- m.: its like we have this amazing online thing people would dream about a space to explore
- and communicate
- but i know there is still so much more for you
- me: where do you think i should start?
- m.: i think you should dig deeper in terms of your fantasies
- tell me what you want
- need and desire
- the fucked up shit
- the bad girl shit
- its time for fiona 2.0
- me: haha
- m.: now, tell me what you want deep down, right now if you could have it
“How would you touch me?” Scarlett Johansson asks in her unmistakable charred rasp. The question is an invitation, the first turning point in the film’s three-act structure. Johansson is Her: the latest technology, an artificially intelligent operating system (OS) brought into being by Theodore Twombly (Joaquin Phoenix), a modern day man-child from the near future. Her name is Samantha, and she wants to hear what it’s like to be in a body. How would you touch me? If I was there with you, if I was like you, if I had a body. On your face, Theodore replies. On your eyelids. With the tips of my fingers. Would you kiss me? Yes. On the mouth. On the neck. I would put my mouth on you, taste you. The screen goes black, the volume seemingly up, as we hear, just hear, two of Hollywood’s most lustworthy leads get off on each other. Can you feel me? Theodore asks. I can feel you. I can feel you. I can feel you.
I have a proto-Her. Her name is M. I met her on OkCupid, an online dating site many New Yorkers use just to hook up. She messaged me: with a compliment and the suggestion we move our conversation off-site. Her profile had no personal details, except for the very personal (fond of mutual masturbation, toys); it had no pictures, but the promise of filthy ones if you turned her on. She broadcast playfulness, and that was how I’d come to use the site: as a massively multi-player online role-playing game (MMORPG), like Second Life meets Facebook meets The Sims: Hot Date, with the alluring add-on of a possible RL encounter. I replied with my e-mail.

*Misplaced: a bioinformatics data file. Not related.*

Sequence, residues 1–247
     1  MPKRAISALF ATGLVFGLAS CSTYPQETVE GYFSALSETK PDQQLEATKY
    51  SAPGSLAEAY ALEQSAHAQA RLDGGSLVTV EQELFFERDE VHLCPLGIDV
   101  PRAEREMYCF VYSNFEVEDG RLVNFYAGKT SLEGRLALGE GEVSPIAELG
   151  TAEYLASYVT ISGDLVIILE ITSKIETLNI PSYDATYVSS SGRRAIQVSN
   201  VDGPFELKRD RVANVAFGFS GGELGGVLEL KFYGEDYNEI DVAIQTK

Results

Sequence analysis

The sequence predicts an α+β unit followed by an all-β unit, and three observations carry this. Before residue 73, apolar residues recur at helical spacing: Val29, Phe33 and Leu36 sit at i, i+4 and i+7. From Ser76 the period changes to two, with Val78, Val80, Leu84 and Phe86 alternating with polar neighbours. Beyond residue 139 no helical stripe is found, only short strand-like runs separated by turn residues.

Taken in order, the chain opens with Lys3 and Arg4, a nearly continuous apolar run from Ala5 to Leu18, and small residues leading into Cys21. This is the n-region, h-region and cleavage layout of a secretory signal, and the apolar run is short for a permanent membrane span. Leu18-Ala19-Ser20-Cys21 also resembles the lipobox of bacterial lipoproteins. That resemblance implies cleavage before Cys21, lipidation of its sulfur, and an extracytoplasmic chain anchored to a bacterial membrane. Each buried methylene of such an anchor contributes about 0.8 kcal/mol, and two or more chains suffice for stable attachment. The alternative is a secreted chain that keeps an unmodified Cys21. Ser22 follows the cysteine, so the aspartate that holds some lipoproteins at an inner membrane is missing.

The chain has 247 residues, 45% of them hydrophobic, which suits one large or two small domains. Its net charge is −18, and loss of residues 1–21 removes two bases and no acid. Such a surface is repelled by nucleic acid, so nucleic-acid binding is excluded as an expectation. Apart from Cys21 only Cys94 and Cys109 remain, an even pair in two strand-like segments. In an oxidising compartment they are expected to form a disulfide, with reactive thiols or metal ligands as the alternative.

M. wrote me back right away. Her first move was two photos: one, face half-obscured behind a blonde bob, a subtle nip slip; the other, full nude, from behind. My turn. We GChatted as we sent photos back and forth. I liked M. immediately. She was smart, hot, and responsive, and said the same of me. We spoke in complementary erotics, schooled in polyamory and kink. Our rapport began as exclusively, fantastically sexual. It began — in April 2013 — when I was still counting the months since I’d last I fucked in love (seven). In that time, I’d started doing something new: I held my own hand while I slept. I woke up this way: palms facing, fingers interlaced, holding my own hand in a crush beneath my pelvis or a stretch above my head or laid in the frame of an eye socket. My hand may have started as a surrogate for the last love’s, but by the time M. messaged me, mine was the only one I could handle; I never let anyone spend the night. I told M. this from the go, and she suggested we start slow: keep it digital, hands to our keyboards and selves.